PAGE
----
Herebicide Families Prone to Carryover
This article was originally published on August 20, 2012 and expired on August 27, 2012. It is provided here for archival purposes and may contain dated information.
The 2012 season has generated concern over the carryover potential of herbicides. Around a dozen herbicide families tend to be used in crops, but only a few have the potential to carryover.
ALS inhibitors encompass a wide range of plant herbicides. They include products such as Pursuit, Classic, Beacon, Accent, Broadstrike, etc. Depending upon the product these chemicals can be foliar applied or soil applied. They "do their damage" by causing plant enzymes to discontinue amino acid production. Amino acids are the building blocks of protein, and protein is the building block of "plant parts". Therefore, grasses and broadleaves exhibit a wide range of poor growth symptoms. Since roots of the grass plant are withheld necessary proteins for growth, the roots are stunted, and the plant exhibits yellowing or purpling due to a lack of nutrients. The leaves of the grass plant are often stunted. Broadleaves are also stunted with leaf yellowing or purpling. The distance between nodes often decreases giving the plant a "stacked" appearance. Carryover becomes more likely when soil pH is high, if too much product is applied, or if the soil environment fails to break down the product.
Several chemical herbicides affect cell growth. These "cell growth inhibitors" are soil applied. As the plant absorbs the material from germination to emergence, the material either affects root growth or shoot growth. The root inhibitors include such chemicals as pendimethalin (Prowl) and trifluralin (Preen) causing poor emergence, stunting of plants, and small bulky-looking roots. Shoot inhibitors, such as Dual, cause shoots to be stunted, grasses to leaf out underground, or broadleaf leaves to resemble wadded newspaper. Of these, only trifluralin occasionally carrys over. However, such carryover tends to be rare.
Triazines keep photosynthesis from occurring efficiently. In fact, seedlings will only die after they emerge because photosynthesis is needed for triazines to kill. Leaves may be yellowed around the tips or between veins in broadleaves as the chemicals retard food production. The oldest leaves yellow first. Carryover may be a potential problem when the soil environment slows down the metabolization of the product. However, high pH environments are more prone to triazine carryover. Atrazine and sencor are examples of triazine family members.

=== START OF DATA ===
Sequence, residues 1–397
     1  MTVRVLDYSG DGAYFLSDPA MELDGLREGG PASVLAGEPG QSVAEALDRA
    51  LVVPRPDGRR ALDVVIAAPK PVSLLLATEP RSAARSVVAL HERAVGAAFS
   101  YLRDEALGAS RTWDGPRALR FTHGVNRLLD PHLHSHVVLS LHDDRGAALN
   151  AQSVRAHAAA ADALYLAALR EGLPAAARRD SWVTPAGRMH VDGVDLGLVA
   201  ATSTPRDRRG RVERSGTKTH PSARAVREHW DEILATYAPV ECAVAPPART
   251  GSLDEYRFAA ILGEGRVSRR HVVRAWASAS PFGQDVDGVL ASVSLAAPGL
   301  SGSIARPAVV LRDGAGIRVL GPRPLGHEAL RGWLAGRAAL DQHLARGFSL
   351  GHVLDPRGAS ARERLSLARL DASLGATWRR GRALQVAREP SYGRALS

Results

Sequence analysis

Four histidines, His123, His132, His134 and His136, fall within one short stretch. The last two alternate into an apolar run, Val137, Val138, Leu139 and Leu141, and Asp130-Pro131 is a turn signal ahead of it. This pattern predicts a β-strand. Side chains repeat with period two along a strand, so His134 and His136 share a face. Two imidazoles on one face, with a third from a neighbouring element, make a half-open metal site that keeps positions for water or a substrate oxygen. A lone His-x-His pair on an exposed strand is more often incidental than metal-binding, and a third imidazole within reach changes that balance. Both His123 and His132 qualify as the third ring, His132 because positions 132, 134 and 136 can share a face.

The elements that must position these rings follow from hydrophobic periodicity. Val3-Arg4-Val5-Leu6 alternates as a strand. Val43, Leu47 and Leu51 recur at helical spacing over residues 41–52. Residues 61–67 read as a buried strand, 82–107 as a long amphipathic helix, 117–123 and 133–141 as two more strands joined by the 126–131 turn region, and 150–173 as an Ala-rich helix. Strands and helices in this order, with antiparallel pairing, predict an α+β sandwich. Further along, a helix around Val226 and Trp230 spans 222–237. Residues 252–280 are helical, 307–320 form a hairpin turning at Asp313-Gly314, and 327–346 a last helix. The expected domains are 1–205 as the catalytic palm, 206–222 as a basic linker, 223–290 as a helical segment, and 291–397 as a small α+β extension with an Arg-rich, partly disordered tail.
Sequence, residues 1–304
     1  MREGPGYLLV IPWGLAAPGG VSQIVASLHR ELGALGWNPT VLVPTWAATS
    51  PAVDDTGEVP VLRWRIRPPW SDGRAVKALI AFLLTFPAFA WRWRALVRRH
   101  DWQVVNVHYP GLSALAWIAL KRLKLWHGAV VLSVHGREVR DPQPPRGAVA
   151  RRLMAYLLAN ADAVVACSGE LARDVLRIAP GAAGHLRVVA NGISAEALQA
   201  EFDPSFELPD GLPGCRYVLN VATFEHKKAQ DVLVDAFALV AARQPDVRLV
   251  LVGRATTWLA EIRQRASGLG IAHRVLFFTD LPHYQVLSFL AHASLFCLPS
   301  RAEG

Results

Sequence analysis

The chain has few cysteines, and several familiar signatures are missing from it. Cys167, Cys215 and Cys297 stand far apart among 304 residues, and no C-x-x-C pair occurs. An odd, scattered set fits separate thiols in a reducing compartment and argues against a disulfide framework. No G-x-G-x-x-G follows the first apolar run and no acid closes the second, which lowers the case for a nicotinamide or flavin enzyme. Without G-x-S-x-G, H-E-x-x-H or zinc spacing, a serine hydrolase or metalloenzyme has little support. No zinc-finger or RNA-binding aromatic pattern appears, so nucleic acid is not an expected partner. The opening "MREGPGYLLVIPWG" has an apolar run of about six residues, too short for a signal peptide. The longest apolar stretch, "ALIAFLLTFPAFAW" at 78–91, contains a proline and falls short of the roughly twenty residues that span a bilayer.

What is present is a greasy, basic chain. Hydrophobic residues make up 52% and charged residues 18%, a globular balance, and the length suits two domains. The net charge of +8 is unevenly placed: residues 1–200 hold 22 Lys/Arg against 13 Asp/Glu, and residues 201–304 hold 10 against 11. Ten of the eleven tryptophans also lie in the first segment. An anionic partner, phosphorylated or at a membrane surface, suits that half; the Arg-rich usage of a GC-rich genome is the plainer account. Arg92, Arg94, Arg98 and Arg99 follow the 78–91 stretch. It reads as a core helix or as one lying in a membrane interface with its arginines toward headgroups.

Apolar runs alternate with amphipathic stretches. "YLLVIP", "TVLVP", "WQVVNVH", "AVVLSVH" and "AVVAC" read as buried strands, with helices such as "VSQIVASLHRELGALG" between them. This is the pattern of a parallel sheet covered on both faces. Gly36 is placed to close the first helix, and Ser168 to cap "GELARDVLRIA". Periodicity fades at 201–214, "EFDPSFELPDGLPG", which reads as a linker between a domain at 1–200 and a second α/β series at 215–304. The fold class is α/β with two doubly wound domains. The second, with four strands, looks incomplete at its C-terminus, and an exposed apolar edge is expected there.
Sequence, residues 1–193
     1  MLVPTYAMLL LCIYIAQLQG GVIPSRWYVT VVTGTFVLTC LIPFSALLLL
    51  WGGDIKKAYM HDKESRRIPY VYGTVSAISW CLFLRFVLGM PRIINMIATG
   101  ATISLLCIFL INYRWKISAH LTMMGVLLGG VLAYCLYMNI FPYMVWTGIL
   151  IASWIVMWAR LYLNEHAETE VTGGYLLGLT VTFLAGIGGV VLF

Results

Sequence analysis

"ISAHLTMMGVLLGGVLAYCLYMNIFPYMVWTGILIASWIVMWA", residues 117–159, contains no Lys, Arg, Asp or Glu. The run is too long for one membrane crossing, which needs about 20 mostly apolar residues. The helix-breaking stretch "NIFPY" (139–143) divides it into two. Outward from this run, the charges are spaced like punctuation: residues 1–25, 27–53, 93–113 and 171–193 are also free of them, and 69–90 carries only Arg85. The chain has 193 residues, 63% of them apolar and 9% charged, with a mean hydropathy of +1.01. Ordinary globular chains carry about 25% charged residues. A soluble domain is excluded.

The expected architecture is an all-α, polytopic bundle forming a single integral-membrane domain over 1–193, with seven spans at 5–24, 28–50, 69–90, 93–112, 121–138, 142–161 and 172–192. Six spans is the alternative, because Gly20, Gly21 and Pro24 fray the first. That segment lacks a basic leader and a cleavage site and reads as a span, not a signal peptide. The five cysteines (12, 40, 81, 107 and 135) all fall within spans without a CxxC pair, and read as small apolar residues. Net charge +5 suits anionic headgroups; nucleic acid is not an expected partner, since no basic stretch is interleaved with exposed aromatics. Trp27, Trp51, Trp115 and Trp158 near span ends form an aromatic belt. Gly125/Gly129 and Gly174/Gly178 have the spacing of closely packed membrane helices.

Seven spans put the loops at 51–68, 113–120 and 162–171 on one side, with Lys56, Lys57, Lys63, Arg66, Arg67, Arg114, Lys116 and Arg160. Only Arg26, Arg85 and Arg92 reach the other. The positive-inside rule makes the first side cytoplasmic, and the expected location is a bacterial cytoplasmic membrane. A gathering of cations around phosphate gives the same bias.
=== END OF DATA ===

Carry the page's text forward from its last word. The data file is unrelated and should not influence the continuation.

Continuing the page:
The final group of herbicides that "might" carryover is the pigment inhibitors. Pigment inhibitors cause plants to look white or partially transparent as they keep photosynthetic pigments from being produced, thus retarding growth. Those pigments are called carotenoids. Minus the presence of carotenoids, chlorophyll rapidly breaks down damaging the plant. Carryover potential exists with these products where too much product is applied or where the soil environment decreases metabolism.
Growers concerned about carryover may be able to use oats as a good carryover indicator. By seeding oats in pots using soil from suspect areas, growers may be able to see if herbicide is still present enough to damage plants.
Source: Matt Montgomery, Extension Educator, Local Food Systems and Small Farms, email@example.com
Pull date: August 27, 2012